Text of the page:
Why cancer cells grow despite a lack of oxygen

Why cancer cells grow despite a lack of oxygen
A special PHD protein, PHD3, also controls the epidermal growth factor receptor (EGFR). In healthy cells, PHD3 responds to stressors such as a lack of oxygen by stimulating the uptake of EGF receptors into the cell interior. Growth signals are down-regulated by this internalization. This process is disrupted in tumor cells due to the loss of PHD3. As a result, the internalization of EGFR is suppressed, which leads to overactivity of EGFR signals, and thus to uncontrolled cell growth. Credit: Garlov et al.

Healthy cells reduce their growth when there is a lack of oxygen (hypoxia). This makes it even more surprising that hypoxia is a characteristic feature of malignant tumours. In two publications in the current edition of the Nature Communications journal, researchers from Goethe University and Justus-Liebig-University of Giessen report on how cancer cells succeed at circumventing the genetic program of growth inhibition.

It has long been known that PHD proteins (prolyl-hydroxylase domain proteins) play a key role among the regulators of hypoxia. They control the stability of the hypoxia-induced transcription factors (HIFs) which govern the adaptation of cells to a lack of oxygen. The two teams led by Professor Amparo Acker-Palmer, Goethe University, and Professor Till Acker, Justus-Liebig-University, have now discovered that a special PHD protein, PHD3, also controls the epidermal growth factor receptor (EGFR).

In , PHD3 responds to stressors such as a lack of oxygen by stimulating the uptake of EGF receptors into the cell interior. Growth signals are down-regulated by this internalisation. "We have discovered that PHD3 serves as a scaffolding protein, binding to central adapter proteins such as Eps15 and Epsin1 in order to promote the uptake of EGFR into the cells," says Acker-Palmer. This process is disrupted in due to the loss of PHD3. As a result, the internalisation of EGFR is suppressed, which leads to overactivity of EGFR signals, and thus to .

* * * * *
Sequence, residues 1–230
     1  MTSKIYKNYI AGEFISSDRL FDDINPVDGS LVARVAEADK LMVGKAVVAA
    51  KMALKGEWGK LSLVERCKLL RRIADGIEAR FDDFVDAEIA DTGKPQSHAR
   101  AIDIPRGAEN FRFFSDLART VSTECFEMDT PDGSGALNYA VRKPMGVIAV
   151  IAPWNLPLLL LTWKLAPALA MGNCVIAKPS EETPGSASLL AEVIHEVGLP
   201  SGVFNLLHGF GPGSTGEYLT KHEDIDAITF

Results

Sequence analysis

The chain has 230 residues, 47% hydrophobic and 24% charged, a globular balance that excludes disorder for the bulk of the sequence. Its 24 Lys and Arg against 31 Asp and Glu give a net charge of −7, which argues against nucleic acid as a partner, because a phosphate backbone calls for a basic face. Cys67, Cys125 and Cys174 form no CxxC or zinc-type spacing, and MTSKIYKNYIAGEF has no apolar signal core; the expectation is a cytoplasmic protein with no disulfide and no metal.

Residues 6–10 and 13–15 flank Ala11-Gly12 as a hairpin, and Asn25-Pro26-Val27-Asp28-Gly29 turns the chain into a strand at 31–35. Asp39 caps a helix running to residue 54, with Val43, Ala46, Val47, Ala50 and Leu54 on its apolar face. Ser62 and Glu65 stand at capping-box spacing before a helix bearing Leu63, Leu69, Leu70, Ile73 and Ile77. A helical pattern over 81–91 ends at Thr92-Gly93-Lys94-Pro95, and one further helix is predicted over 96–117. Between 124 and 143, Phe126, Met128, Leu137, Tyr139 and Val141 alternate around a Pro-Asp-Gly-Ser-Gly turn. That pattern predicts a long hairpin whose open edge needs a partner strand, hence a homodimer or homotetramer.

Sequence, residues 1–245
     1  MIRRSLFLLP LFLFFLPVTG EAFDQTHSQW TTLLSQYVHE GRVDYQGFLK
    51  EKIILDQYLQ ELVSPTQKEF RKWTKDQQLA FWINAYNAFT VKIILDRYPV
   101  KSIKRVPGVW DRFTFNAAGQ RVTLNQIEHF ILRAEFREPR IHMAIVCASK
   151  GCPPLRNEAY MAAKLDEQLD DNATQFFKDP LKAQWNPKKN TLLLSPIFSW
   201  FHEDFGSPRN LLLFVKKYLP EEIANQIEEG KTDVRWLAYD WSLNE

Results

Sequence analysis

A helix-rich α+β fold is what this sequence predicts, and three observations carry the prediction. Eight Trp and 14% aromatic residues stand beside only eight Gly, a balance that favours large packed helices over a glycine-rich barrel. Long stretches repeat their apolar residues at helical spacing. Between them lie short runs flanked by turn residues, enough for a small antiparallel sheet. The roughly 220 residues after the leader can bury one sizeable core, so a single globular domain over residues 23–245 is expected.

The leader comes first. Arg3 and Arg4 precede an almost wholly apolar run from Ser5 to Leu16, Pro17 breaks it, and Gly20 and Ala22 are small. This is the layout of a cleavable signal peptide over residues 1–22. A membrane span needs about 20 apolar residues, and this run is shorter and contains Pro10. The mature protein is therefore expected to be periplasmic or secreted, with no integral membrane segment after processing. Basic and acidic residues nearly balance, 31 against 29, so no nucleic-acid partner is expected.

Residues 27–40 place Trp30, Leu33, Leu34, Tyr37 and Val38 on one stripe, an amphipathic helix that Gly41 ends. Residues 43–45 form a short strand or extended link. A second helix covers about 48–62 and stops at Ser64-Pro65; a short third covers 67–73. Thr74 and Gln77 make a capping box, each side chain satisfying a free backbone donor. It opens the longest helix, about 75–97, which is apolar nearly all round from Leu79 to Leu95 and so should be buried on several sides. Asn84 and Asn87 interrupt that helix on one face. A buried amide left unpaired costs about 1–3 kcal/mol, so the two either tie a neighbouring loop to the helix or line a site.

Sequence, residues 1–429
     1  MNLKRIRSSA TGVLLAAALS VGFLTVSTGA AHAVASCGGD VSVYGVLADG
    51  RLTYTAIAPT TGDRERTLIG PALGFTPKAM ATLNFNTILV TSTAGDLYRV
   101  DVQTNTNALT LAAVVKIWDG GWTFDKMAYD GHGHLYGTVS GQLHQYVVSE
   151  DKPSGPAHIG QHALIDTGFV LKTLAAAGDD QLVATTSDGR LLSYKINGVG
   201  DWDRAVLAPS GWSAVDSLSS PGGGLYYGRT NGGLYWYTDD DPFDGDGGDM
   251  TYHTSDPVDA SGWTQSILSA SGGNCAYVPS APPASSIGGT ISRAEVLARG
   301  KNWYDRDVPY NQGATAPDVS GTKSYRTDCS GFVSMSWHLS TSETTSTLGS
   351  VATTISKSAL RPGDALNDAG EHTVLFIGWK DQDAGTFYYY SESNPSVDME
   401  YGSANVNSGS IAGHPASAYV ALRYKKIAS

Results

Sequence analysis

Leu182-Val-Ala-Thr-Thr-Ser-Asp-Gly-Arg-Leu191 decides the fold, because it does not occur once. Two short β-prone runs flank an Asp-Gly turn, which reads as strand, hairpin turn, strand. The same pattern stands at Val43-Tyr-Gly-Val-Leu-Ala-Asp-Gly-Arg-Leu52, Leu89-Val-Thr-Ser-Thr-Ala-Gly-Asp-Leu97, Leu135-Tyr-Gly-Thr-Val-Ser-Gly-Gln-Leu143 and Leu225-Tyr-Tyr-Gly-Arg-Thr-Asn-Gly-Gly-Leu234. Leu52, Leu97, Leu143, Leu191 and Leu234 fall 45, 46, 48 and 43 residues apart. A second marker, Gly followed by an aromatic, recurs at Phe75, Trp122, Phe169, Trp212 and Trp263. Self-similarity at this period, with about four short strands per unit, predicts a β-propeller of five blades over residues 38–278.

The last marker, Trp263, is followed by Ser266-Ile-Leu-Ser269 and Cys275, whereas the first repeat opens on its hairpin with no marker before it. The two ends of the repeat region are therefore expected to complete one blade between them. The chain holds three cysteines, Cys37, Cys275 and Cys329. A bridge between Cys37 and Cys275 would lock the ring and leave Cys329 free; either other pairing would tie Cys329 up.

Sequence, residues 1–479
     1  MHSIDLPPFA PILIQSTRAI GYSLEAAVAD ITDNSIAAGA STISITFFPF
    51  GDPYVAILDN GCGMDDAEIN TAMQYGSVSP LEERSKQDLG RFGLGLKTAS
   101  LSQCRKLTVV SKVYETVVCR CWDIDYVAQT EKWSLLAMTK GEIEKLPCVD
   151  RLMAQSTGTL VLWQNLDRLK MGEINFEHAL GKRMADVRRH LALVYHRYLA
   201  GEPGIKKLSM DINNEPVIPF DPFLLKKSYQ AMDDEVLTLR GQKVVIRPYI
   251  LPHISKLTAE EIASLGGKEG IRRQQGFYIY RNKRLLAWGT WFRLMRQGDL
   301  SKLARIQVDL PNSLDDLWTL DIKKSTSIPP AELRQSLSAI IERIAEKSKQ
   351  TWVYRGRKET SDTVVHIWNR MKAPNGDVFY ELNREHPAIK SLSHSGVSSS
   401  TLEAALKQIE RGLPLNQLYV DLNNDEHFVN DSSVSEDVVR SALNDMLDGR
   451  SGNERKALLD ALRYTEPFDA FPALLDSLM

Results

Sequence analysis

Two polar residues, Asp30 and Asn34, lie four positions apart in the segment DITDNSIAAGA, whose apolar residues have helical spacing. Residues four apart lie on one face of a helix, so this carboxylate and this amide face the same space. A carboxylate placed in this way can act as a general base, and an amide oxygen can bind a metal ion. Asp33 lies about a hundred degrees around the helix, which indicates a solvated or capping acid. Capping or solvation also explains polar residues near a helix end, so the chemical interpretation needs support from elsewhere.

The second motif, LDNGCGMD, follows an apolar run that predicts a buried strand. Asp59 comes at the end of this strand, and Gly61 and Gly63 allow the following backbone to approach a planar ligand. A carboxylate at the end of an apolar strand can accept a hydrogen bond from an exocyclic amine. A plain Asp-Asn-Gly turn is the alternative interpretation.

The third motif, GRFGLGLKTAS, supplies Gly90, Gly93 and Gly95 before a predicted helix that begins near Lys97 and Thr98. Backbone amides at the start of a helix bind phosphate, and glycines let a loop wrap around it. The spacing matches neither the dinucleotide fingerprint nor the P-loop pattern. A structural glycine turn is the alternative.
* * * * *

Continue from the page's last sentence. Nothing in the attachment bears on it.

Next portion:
The research team was able to show that the loss of PHD3 is a crucial step in the growth of human malignant brain tumours (glioblastomas). The tumour cells thus become refractory to the growth-inhibiting signals under hypoxia. "Clinically, this discovery is highly relevant, because it shows an alternative mechanism for the hyperactivation of the EGF receptor that is independent of its genetic amplification. It can be therapeutically suppressed by EGFR inhibitors," explains Till Acker, a neuropathologist at the University of Giessen.

"Our work shows an unexpected and new function of PHD3 on the interface of two currently red-hot research areas: Oxygen measurement and EGFR signalling," Acker-Palmer explains. "This once again proves how significant growth receptor internalisation is to the development of cancer." This connection was already shown by the research team in 2010 for tumour angiogenesis (Sawamiphak et al, Nature 2010).


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More information: Henze et al: Loss of PHD3 allows tumours to overcome hypoxic growth inhibition and sustain proliferation through EGFR; Nature Communications 25.11.2014; DOI: 10.1038/ncomm6582
Journal information: Nature Communications , Nature

Citation: Why cancer cells grow despite a lack of oxygen (2014, November 25) retrieved 23 February 2020 from https://medicalxpress.com/news/2014-11-cancer-cells-lack-oxygen.html
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